This applies to client-server applications using .NET Remoting over TcpChannels when the client subscribes for data to be delivered from the server asynchronously.
The typical configuration for this kind of applications involves two communication channels:
-One channel is used when the client calls the server on a well-known endpoint to subscribe for data delivery.
-The other channel is the callback channel. Whenever server is ready it calls the client’s callback handler using an endpoint that the client provided when it was subscribing to the data delivery.
There are some issues with this scenario:
1)There are two network connections that have to be established from both sides. Each of those connections should be able to send messages in both directions – this looks like unnecessary use of resources.
2)ChannelServices.RegisterChannel method does not seem to be working when registering a TcpChannel for callbacks on a pre-defined arbitrary port numbers. The port number is assigned dynamically (TcpChannel constructor has to be provided with port property as 0) . This makes it impossible to setup firewall rules in cases when client talks to server from outside of the firewall.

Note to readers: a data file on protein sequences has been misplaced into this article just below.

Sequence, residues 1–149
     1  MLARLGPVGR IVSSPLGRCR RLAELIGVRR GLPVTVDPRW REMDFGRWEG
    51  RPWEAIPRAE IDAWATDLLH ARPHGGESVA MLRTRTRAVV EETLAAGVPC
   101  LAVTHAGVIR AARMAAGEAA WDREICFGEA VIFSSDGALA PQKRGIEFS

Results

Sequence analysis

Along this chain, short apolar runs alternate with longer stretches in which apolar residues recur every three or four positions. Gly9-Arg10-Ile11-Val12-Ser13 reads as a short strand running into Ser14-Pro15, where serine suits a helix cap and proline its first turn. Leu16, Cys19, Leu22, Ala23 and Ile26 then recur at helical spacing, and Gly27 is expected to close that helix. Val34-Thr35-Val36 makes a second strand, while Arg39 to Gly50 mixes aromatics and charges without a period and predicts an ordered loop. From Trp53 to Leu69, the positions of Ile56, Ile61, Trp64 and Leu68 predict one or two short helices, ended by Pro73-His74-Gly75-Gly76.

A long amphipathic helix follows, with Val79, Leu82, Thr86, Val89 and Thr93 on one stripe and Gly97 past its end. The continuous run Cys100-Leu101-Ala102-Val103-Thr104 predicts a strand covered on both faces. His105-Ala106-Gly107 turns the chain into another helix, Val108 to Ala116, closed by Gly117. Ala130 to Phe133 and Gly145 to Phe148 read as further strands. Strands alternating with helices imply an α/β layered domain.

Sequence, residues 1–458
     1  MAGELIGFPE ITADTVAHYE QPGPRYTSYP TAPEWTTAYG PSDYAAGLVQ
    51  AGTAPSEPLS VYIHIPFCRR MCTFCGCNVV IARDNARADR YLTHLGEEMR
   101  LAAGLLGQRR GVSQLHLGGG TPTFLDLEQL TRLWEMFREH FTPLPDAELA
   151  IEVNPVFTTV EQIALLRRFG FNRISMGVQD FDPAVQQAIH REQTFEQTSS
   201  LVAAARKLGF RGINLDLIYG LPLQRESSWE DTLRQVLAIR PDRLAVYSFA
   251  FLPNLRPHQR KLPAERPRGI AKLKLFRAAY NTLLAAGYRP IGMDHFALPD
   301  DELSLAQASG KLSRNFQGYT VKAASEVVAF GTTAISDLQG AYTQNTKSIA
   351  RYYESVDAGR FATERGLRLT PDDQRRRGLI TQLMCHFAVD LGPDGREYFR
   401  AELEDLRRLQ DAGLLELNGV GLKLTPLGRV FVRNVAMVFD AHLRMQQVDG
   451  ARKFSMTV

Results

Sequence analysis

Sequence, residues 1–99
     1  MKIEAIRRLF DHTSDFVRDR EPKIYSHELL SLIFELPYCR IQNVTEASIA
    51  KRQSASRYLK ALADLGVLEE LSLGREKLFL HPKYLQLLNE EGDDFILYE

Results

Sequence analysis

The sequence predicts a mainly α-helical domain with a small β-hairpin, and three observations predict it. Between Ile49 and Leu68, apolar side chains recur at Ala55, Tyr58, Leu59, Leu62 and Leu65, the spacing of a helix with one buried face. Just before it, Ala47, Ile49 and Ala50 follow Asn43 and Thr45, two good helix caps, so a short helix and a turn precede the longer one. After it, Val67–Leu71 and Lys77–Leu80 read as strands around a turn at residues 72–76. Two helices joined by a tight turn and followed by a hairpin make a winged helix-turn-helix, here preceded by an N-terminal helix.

Is there a way to force the server to use the original .NET Remoting channel that the client opens when it establishes connection to the server? This would solve the both problems.
I'm not sure off the top of my head how to accomplish either of those. I will say that the .NET Remoting TCP channel is optimized for inside-the-firewall scenarios and it's relatively poor in features compared something like WCF's net.tcp:// transport (which supports duplex communication over the same connection and lets you choose the port to listen on -- it even goes so far as to allow you to share that port with other processes on the same machine for additional firewall-friendliness).
I know it's a big jump from Remoting to WCF but it's something to consider given that you seem to be pushing the bounds of what Remoting is good at. -steveBrain.Save() -- http://hyperthink.net/blog